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What's Next at Ridge High School?; Fun for Kids and Adults

Most-read stories this week involve issues and finances at the township's high school.

It should be good news that the township school district for 2011-12 been promised almost double the state aid it received for the current school year: About $1.6-million, or a $777,000 increase.

Yet the debate continued at and afterward in comments posted on the Basking Ridge Patch, how the money should best be spent.

The Board of Education, in concurrence with school officials, has tentatively earmarked the extra funding for fixing up school facilities, including roof repairs said to be essential.

Some parents apparently want to see the funding used to restore the nine-period day at Ridge High School for the upcoming school year. The board's previous decision to change to an eight-period day, and the resulting elimination of about eight teaching positions, would save the district about $360,000 next year, and $500,000 or so in the years to follow, after unemployment payments tapered off, Schools Superintendent Valerie Goger said on Monday.

In an email later in the week, the superintendent said that Ridge High School students were nearly finished making up their schedules for the next school year. She said it would be difficult—although not impossible—to switch back to a nine-period day at this point.

"It would be very difficult to revert back to the nine period schedule, but it is possible to do," the superintendent said in the email. "We do not have the ability to schedule a nine and eight period schedule in tandem, although some have commented that they thought our system was capable of doing that. Only one schedule can be built at a time."

Board President Susan Carlsson has pointed out that the $1.6 million is still about half of the state aid the district had been receiving in preceeding years, and there is no guarantee the state will fund the full amount in coming years — or even deliver all of the promised amount for 2011-12.

But resident Fred Douglis said at the meeting, and later, that he does not accept the board's reasoning. "I argued last week and again this week that it makes no sense to kill something today just because you might have to kill it in a year if you don't," Douglis said in a comment on Patch. "By that logic, we might as well sell our houses and leave Bernards because, after all, we might lose our jobs in a year."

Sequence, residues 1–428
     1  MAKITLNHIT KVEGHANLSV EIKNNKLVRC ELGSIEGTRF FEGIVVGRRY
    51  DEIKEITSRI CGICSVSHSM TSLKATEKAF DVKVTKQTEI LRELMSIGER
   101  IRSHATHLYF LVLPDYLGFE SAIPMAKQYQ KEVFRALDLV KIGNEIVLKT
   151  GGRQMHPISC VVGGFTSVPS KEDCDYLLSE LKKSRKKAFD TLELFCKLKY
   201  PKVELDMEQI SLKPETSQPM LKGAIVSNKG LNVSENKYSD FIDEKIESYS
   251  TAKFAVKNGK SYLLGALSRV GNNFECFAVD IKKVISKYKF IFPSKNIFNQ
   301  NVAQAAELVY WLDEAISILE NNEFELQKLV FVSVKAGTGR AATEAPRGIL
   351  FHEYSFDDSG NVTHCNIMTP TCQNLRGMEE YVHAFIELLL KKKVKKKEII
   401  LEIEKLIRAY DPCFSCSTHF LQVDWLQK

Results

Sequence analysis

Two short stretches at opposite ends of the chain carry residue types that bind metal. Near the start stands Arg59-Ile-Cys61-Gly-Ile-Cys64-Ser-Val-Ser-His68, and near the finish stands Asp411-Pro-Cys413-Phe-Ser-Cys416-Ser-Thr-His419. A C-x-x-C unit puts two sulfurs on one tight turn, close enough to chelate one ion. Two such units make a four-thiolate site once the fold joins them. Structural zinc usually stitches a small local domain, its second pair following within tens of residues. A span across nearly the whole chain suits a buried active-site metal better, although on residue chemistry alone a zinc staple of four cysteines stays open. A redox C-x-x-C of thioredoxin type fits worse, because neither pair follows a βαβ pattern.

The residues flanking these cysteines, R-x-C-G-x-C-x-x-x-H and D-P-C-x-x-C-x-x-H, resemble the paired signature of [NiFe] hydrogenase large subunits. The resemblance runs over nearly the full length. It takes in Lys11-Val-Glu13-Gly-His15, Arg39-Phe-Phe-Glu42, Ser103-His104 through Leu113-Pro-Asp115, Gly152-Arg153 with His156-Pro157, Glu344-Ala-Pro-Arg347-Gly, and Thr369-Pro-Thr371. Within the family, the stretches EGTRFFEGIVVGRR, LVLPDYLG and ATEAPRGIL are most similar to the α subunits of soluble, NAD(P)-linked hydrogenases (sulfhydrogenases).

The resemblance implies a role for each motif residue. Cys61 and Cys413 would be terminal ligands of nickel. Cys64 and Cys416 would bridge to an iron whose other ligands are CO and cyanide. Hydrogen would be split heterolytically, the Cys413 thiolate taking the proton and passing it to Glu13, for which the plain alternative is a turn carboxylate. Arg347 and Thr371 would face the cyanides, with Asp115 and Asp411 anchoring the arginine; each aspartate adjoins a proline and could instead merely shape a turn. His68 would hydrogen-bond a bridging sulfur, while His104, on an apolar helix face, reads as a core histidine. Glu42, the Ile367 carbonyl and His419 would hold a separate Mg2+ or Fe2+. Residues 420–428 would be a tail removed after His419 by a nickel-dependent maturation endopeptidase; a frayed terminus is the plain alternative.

The other rationale is that the eight-period day would extend the time students spend in classes for their core subjects.

Also on Monday, school officials said the high school may eliminate mid-terms next year. Some of the reasons mentioned were that cutting out mid-terms would allow more time for instruction, as well as reducing stress for students.

That led to our topic for our weekly Mom's Talk Q&A,  Readers posted several views, delving deeply into the pros and cons.

But, after all, there were other subjects to discuss this week. Residents also debated whether the Township Committee is using its funds wisely in a proposal to redo the township's roller hockey rink at Harry Dunham Park. The original ordinance for the job was revised downwards last Tuesday to a project estimated to cost. Township officials said they would listen to proposals from the public in coming up with the best way to renovate the rink, closed since last summer. 

And everyone has to eat, right? MaryLynn Schiavi's report on the township's health department's was one of our most popular stories.

We also had a photo story on what likely was one of the most field trips ever—a close-up visit to a demonstration of how Somerset Hills Towing, police, firefighters and rescue workers respond to an accident scene. The demo included a car being lifted by a giant crane, a "victim" being cut out of a wrecked car, pizza and so much more.

For adults, there were other fun events planned for the week, including .

And at the end of the week, we decided to include at least one piece about the in our neighboring community whose boyfriend is accused of murdering her. Two residents said they would like to see the Basking Ridge Patch stick to news in Basking Ridge. But, as a major event unfolding next door, the story moved up to being one of our most-read items  soon after it was posted.

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